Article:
Photo: Meghan Hennessey (centre with crown) tapping the keg as Miss Oktoberfest at the 2011 Kitchener-Waterloo Oktoberfest.

If you’ve never attended an Oktoberfest event beyond one of the festhallen, you probably think that, for 10 days every year, Kitchener-Waterloo locals party hearty and call it tradition.

Well, you may be partially correct.

Oktoberfest is part of our makeup. We learn to polka in school. We get our pictures taken with Onkel Hans (or run away terrified if you’re like me) and we attend the Thanksgiving Day Parade, year after year, in the same spot our grandparents staked claim to years before.

Growing up, I always sat under the chestnut tree at the corner of Pine and King streets in Kitchener. To this day, the scent of decomposing chestnuts brings me right back to chilly parade mornings with my grandpa, spilling hot chocolate down my snowsuit.

As I’ve grown up, my Oktoberfest experience has expanded to include attending A Blooming Affair fashion show, official keg-tappings and yes, some festhallen celebrations.

Kitchener-Waterloo’s Oktoberfest began in 1969 as a way to celebrate our local heritage. Today, it’s still a chance to experience German traditions, but also to celebrate our community.

I sat down with Meghan Hennessey, another local who lives the Oktoberfest experience to the max. By day, she helps spread the word about Clearpath Robotics as their marketing and communications co-ordinator. During the evenings, though, she spends a lot of time with the Kitchener-Waterloo Oktoberfest committee.

Hennessey got involved with Oktoberfest at a time when most people are just trying to survive: After graduating from the University of Waterloo with a speech communications and English degree, she had just left BlackBerry’s beta testing team to go back to school to earn her master’s in business, entrepreneurship and technology at UW.

“I had flexible time, and a friend invited me to a marketing committee meeting for Oktoberfest,” Hennessey said. The free pizza convinced her to attend.

The marketing committee is one of more than 40 volunteer-based committees that help Oktoberfest run successfully year after year.

Hennessey volunteered for four years. In her fifth year, she applied to be Miss Oktoberfest, a title that used to be pageant-based but is now focused on building Waterloo Region leaders.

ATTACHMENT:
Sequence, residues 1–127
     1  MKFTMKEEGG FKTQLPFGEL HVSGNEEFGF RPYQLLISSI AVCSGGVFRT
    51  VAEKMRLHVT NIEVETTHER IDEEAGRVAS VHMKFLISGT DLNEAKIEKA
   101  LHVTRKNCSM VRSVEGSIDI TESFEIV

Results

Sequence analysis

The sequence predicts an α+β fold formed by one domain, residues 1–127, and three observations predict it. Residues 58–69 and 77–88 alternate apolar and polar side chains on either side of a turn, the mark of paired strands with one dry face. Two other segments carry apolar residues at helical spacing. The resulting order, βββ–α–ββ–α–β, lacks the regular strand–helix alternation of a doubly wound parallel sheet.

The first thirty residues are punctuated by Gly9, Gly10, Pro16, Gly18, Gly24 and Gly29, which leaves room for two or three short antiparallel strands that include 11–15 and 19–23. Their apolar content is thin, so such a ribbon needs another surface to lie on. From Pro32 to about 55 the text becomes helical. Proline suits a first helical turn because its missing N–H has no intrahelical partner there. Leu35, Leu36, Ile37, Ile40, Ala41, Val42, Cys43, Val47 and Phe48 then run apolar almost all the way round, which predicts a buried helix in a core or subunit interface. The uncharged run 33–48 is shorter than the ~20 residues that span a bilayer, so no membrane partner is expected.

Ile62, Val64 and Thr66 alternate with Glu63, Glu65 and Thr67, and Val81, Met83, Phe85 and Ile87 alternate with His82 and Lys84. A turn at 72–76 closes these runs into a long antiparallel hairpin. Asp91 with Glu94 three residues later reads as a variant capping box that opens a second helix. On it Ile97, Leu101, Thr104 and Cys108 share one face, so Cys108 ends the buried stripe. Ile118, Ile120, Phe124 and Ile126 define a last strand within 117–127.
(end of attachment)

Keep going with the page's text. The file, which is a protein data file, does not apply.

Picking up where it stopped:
She won the title of Miss Oktoberfest in 2010, and after a year of building her network and expanding her public speaking and community relations skills, she was offered a position on the Oktoberfest board.

She’s now the youngest board member to serve with Oktoberfest.

She draws a lot of parallels between her time spent with Oktoberfest and her time in the tech industry.

“They both have traditionally been a man’s world,” she said. “[As a woman] you want to prove yourself all the time.”

Hennessey learned that the skills that help her succeed as an arts graduate in the tech world are the same as those that have helped her succeed with Oktoberfest. Her background in communications, and working as a passionate intrapreneur at Clearpath and previously at BlackBerry, mean that she’s skilled at bringing new ideas to the table and filtering information to the public.

“I call myself a social engineer,” she said.

As the board member in charge of family and cultural events, Hennessey spends January to October of every year with her team of volunteers, helping to plan events that pull the community together.

“My portfolio includes events like Cooking with Oma, the Tour De Hans, Stein and Dine and Oktoberlicious,” Hennessey said. “Most of my events are done before the festing actually happens. I sometimes forget that’s even part of Oktoberfest!”

Hennessey keeps coming back year after year because, for her, Oktoberfest is like a family.

“You get to reconnect once a year,” she said. “You build friendships and network at different events. It’s fun. Barriers are broken down. People are just people. It’s organic.”

Hennessey is one of 480 volunteers and eight staff members who bring festive cheers, and plenty of tourism, to Waterloo Region.

“It doesn’t matter what industry you work in,” Hennessey said. “There’s an incredible group of people that supports our community.”


This long weekend, celebrate Thanksgiving and Oktoberfest safely. Once you’ve had your fill of turkey, I see and hear that…. Startup Grind Kitchener-Waterloo is bringing Jim Scheinman of Maven Ventures to the Communitech Hub for a fireside chat. The paid event starts at noon on Thursday, Oct. 9… BoltWorks is hosting Rapid Prototyping Part 1: Low-Fidelity at the Boltmade office, 187 King St. S. in Waterloo. The event starts at 7 p.m. on Oct. 9…. If you want a different perspective on the annual Thanksgiving Day Parade, why don’t you try the Official K-W Oktoberfest 5k Fun Run? Race down the parade route early in the morning on Monday, Oct. 13, and then stick around to watch the parade…. And finally plan ahead to attend a new, non-official Oktoberfest event. Mike Wekerle of Dragons’ Den is bringing Wektoberfest to Waterloo. Hosted at the Waterloo Innovation Network at 156 Columbia St. W. in Waterloo, the event is a fundraiser for the YWCA of Kitchener-Waterloo. The event starts at 2 p.m. on Sunday, Oct. 19, and has fun for all ages until 5 p.m. After 5 p.m., the event becomes 19+ as 5440 and Kandle take the stage.